The ultimate aim was to slowly realign my jaw over a period of several months. Mr ***** has very slowly released my jaw and brought it into a relaxed and pain free position. He did this slowly and methodically, always with the reassurance that if this particular thing he was doing for me didn’t work there were alternatives. He calls it ‘like peeling away the layers of an onion’. My description would be that I think of my pains in a line, one behind the other. I tell him which one is the biggest and foremost at that moment and he deals with it. He’s a very clever man and I’m lucky to have him as my dentist.

My next appliance was a bite plate, also known as a stabilisation splint. The good thing is that I was allowed to bite into it as much as I wanted. It gave me a secure feeling and ensured a good night’s sleep. It helped to develop my muscles to work in a co- ordinated way. Mr ***** built up the biting surfaces and drilled them down at successive visits to get me into a comfortable position and persuade my jaw into change. It was not without discomfort at times but I resisted the temptation to alter the splint myself in any way. The whole point of any sort of splint is that your body moulds to it rather than the other way round. Far better to take it out of my mouth for a while than alter it – I left that to the expert. If I needed a painkiller I tried to wait until bedtime. That enabled most change to happen when I was asleep. Also after a sound night’s sleep, next day things are much more relaxed and easier. Chewing something after change had occurred helped to make things feel familiar and comfortable again. At times I would get a clicking and crunching sound which is just part of the adjustment taking place. It felt like a slow wearing down of excess material, which my body had filled in behind my misaligned jaw. Not to be forced, just go along with the natural pace of things. It takes time, be patient with yourself.

After a while I only had to wear the bite plate at night. During the day I tried to keep my lips together and teeth apart, jaw steady.

From there I went onto a set of partial dentures where Mr ***** filled in the gaps of missing teeth. They took some getting used to. Again, I resisted the urge to change things. I concentrated on holding my jaw still and steady. Took them out when it became too much. Always slept with them in. I eventually moulded to them. Soon after that I felt something peel away in my jaw, all resistance melted away and my excruciating jaw pain was gone. I found it hard to believe at first, pain had been such a part of my life it had become the norm. But it went and it hasn’t come back. My face looks more balanced and I can place three fingers into my open mouth (as opposed to one at the first visit).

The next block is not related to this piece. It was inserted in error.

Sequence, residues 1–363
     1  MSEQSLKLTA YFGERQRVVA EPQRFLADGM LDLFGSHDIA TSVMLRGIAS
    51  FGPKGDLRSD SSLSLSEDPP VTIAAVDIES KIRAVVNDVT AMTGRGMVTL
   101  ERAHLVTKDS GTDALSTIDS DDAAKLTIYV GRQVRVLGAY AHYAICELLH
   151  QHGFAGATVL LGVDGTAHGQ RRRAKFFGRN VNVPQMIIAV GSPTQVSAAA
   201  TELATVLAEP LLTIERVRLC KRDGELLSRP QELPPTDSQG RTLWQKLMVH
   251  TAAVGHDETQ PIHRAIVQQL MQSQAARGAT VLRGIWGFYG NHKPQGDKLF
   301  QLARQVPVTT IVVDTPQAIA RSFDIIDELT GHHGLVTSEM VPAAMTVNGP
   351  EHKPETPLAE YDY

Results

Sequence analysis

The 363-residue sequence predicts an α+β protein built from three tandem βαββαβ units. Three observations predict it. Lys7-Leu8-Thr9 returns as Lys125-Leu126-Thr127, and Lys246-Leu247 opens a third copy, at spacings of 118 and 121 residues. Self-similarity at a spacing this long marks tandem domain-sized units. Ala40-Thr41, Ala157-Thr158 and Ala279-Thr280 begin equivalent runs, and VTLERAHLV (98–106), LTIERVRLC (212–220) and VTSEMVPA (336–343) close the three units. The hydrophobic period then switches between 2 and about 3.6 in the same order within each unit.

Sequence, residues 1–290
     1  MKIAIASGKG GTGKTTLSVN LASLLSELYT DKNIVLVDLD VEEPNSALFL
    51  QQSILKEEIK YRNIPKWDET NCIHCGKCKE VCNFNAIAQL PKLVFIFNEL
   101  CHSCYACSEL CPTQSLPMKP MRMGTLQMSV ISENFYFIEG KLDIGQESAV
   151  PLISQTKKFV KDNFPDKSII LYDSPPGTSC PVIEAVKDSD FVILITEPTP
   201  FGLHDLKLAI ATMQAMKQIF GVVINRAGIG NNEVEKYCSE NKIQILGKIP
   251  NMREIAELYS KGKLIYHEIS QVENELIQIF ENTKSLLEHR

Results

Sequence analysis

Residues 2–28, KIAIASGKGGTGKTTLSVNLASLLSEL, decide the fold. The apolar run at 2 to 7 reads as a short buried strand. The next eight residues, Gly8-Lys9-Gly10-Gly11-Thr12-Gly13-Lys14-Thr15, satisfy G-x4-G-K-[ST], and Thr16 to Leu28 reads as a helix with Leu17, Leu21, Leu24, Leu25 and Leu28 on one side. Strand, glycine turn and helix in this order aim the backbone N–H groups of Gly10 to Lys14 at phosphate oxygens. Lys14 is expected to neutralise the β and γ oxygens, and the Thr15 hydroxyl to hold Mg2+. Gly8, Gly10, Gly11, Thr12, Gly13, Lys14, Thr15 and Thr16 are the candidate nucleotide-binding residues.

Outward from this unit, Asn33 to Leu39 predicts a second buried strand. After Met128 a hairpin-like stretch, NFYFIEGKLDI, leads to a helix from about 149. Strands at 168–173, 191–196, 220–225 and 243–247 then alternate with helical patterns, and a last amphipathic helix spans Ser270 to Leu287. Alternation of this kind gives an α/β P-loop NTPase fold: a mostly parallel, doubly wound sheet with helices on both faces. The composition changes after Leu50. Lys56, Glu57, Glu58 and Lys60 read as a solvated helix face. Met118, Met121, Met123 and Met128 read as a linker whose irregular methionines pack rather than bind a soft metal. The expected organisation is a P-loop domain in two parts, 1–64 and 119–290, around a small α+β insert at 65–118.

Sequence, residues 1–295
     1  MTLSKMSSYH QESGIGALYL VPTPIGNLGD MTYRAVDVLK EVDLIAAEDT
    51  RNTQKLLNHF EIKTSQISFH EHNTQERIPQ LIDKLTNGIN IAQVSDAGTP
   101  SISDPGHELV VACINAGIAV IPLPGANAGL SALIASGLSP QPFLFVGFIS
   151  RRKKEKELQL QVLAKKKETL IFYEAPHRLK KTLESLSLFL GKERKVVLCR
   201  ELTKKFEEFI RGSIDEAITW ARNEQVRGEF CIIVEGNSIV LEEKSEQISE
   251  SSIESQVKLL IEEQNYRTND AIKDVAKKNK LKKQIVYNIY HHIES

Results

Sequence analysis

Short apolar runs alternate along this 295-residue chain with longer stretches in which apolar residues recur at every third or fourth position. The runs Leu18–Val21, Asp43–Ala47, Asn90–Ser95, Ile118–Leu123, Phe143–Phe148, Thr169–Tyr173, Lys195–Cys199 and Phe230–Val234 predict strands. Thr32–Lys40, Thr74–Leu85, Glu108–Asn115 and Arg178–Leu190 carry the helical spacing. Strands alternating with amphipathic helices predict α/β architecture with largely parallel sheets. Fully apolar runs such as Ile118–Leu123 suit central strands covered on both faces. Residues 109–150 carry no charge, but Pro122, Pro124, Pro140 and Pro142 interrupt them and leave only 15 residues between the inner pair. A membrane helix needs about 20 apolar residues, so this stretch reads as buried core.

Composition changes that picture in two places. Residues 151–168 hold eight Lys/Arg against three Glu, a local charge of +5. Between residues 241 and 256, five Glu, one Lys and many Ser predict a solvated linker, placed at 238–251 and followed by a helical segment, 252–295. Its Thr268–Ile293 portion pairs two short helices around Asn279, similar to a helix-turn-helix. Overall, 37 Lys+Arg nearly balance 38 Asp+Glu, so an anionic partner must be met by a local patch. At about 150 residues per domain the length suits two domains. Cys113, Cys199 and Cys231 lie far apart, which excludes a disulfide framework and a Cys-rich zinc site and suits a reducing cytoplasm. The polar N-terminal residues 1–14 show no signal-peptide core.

Throughout the treatment I have been treated with courtesy and respect. I have been warmly encouraged to contact Mr ***** at any time with any concerns or problems I might have. I found emails suited me best and cut down on the time it took to explain things at my appointment.

I make the journey from ****** to ******* for every appointment. Some people think it’s crazy to travel such a distance to go to the dentist. My reply to that is that I’ve suffered pain for over twenty years. Mr ***** is the dentist who has finally freed me from it. I’d be insane to open my mouth for any other dentist! As long as he’s willing to treat me I am happy to make the journey.

20 years?! What a privilege it is to be able to use our clinical skills to help such people re-enter society and catch up on the years they have missed.

It’s a wonder to me more dentists aren’t involved in this very rewarding field, but it seems to be very difficult to fill our Stockport Dental Seminars courses these days, which is a great shame. Hopefully stories like this will inspire more to take up the challenge. Please contact us for more information and if there is enough demand we will arrange some more course dates very soon.

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  1. June 29, 2012 at 1:52 pm

    I blame the dental education system Andy, coupled with increasing specialisation, which allows us to ignore what we want to. These patients are so easily dismissed as mad and before your course I was definitely guilty of that in a number of csses that I can still remember.

    • June 29, 2012 at 2:19 pm

      Totally agree Janet. It’s a scandal that GDC guidance relegates the whole subject to only a single lecture during the entire 5 years of undergraduate study.

      Sadly the greatest level of ignorance about the relationship between occlusion and headaches, facial pain, neck pain, TMD, tooth fractures, sensitivity, instability, etc. exists in the university academics responsible for designing the curriculum.

      The GDC should have a look at the new TMD teaching program at the University of California San Francisco School of Dentistry under Chuck McNeill for an example of how it could be done.
      http://www.ucsfhealth.org/conditions/temporomandibular_joint_disorders/index.html

  2. ALL ANGLES
    March 13, 2014 at 6:10 am

    Interesting